Broker Check

What's in a Name?

| February 05, 2021
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For those of you who have read my weekly thoughts I send and post, one topic I seem to circle back to occasionally is how to keep yourself safe from fraud or cyber criminals.  I try to find good, useful information to share with you to help on this quest.

Well, I had quite a surprise last month when I received some paperwork at the office from the Ohio Department of Jobs and Family Services.  I was about to put it in the shred bag thinking it was probably my unemployment tax bill that I had just paid.  Luckily, I did open it.  It seems that I had filed for unemployment and my employer needed to verify my past employment history.  Wait – what?  Let me restate this: I had filed for unemployment from myself.  Needless to say, I was not expecting to see that.  To make the situation even more interesting, the perpetrator had used my birth name which I haven’t used in 20-plus years.  Now that was an eye catcher! 

Why am I sharing this with you?  Because I want you to be safe.  Please be diligent checking your credit reports regularly.  Be careful when you get solicitations in your email wanting you to click on a link you are not expecting.  Remember, many institutions (the IRS, your bank, a credit card company, etc.) already have information on you.  They won’t be emailing you asking for your date of birth or Social Security number.  If you receive an email that you think is even a bit suspicious, contact that company yourself.  If you do call them, find the official phone number yourself and don’t use contact information that is in the suspicious email.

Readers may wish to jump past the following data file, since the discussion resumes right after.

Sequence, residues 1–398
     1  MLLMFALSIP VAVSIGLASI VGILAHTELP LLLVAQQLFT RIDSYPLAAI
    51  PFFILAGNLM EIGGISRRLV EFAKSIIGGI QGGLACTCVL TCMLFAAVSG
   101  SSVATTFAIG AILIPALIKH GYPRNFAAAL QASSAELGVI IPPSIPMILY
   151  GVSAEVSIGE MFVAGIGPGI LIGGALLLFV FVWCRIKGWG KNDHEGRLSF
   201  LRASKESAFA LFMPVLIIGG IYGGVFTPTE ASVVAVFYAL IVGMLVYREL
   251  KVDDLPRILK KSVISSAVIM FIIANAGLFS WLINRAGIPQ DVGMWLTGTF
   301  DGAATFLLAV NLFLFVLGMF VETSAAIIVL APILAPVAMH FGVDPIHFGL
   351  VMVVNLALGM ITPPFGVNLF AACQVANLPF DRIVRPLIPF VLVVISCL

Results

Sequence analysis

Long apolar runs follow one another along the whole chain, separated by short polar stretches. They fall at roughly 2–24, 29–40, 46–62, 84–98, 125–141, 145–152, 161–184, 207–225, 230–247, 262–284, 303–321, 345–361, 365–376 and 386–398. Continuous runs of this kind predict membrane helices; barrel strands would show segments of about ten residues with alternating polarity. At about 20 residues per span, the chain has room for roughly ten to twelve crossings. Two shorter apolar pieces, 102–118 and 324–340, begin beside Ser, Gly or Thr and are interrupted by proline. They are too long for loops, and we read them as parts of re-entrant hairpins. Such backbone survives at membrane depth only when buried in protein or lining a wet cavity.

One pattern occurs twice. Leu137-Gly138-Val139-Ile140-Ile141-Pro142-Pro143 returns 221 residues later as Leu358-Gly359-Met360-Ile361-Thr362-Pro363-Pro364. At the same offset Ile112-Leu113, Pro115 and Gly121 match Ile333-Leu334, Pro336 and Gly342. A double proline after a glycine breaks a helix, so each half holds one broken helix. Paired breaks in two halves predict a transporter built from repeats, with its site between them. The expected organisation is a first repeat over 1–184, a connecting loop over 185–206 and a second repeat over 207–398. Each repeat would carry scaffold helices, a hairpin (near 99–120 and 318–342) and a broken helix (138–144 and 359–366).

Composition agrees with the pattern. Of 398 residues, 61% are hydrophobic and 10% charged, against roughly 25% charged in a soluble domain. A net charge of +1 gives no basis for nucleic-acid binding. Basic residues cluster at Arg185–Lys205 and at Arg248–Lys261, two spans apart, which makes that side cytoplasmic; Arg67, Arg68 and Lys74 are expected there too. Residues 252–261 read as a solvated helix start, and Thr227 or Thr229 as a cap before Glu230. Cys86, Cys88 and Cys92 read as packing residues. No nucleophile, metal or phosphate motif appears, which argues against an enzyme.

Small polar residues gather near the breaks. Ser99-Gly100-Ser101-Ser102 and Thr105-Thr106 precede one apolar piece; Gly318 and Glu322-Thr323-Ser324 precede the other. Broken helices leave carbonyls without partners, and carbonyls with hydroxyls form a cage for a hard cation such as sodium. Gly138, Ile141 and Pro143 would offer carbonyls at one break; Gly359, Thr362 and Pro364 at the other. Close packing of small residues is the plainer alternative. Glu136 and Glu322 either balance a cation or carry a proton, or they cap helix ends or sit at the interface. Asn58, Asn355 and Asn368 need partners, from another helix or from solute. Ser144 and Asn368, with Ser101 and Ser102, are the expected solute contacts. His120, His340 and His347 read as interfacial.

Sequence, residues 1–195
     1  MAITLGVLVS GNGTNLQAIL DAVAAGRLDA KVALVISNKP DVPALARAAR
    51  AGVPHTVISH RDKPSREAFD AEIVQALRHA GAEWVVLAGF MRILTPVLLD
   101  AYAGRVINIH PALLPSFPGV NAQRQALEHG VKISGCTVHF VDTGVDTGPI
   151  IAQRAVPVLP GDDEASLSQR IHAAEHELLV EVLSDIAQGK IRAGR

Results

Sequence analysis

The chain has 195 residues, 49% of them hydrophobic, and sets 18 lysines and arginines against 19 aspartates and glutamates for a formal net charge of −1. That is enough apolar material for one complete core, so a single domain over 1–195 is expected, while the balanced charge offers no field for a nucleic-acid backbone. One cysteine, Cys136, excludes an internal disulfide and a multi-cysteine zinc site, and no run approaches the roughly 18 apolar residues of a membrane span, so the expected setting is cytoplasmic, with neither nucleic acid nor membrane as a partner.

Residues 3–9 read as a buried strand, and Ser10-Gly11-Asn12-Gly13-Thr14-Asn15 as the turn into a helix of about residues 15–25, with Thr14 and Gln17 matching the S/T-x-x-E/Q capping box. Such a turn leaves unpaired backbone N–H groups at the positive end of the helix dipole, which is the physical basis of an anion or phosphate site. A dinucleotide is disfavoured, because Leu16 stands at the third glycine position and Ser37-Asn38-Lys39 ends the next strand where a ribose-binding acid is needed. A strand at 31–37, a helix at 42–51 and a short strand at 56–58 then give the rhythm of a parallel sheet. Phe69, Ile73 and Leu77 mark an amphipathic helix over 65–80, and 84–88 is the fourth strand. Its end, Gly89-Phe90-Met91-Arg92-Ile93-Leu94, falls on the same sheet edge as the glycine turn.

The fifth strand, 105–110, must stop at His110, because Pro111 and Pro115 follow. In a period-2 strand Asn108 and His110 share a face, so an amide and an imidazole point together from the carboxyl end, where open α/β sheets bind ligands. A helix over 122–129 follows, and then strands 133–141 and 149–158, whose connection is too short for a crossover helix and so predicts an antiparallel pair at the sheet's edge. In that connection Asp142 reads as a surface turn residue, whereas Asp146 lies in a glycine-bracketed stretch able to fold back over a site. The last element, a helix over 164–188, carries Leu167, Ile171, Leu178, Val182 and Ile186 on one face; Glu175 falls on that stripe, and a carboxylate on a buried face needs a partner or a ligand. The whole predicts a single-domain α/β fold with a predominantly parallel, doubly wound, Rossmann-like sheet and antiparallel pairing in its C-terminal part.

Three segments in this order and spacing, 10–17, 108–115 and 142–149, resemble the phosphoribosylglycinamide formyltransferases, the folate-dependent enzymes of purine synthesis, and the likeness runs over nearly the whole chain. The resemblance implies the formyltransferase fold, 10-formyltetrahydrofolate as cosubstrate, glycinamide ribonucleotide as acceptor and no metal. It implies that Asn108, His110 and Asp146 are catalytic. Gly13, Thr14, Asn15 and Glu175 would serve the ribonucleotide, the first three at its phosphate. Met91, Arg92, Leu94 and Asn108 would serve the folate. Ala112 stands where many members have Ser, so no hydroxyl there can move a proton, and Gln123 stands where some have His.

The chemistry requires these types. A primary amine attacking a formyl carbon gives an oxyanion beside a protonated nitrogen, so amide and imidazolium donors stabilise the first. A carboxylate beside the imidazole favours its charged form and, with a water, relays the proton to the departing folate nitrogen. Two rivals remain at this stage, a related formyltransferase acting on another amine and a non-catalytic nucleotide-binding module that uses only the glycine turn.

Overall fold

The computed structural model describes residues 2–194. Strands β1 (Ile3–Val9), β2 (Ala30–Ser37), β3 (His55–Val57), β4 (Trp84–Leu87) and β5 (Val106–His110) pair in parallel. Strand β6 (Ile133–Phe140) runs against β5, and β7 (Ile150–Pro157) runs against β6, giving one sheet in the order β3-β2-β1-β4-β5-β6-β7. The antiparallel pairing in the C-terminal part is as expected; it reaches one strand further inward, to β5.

Back to my unemployment issue: The main reason I’m sharing this particular story is that there is evidently a fairly large scam occurring right now with unemployment-- So much so that Rhona received the following email just this week:

February 3, 2021

Yesterday, ODJFS launched an online portal for employers to report identity theft on behalf of multiple employees.  Employers can visit and click on the “Report Identity Theft” button. They will then be directed to both the portal and additional resources. The portal includes a template that employers can download, complete and then upload to provide the names of multiple employees whose personal information may have been compromised.

Many employers are alerted to the issue when they receive a “request for separation information” from ODJFS regarding an individual who is currently employed. This portal provides a secure way to expedite the reporting of this information to the agency.

Thank you for your time and cooperation.


Office of Unemployment Insurance Operations 

Ohio Department of Job and Family Services 

If you are not in Ohio: don’t feel left out!  Scams are occurring in your state too.  I did a little search of different states, and they are all experiencing similar fraud of benefits. 

One warning sign that I want to highlight is if you receive a 1099-G showing unemployment compensation under your name.  Hey, it’s tax time, the onslaught of receiving tax documents has begun.  Please make sure you are looking at them and where they are originating.

Also, if you are retired and think you are safe: think again.  There are reports of employed, unemployed, and retirees all being susceptible to this scam.

Now, my purpose is not to scare the heck out of you.  Instead, here are two links that contain useful information that can help us all protect ourselves:  and .


That’s all I have for this week.  It is a military weekend for me and I wanted to write this before I get preoccupied with those duties. 

Please remember that we are “here” and available for you as well.  If you have any questions or concerns, financial or otherwise, please do not hesitate to call or email.  If you have friends, family, or neighbors you feel would benefit from a conversation with me, I’m more than happy to have a call or jump on a Zoom meeting with them. 

As always, I hope that you are doing well, and staying safe & healthy! 

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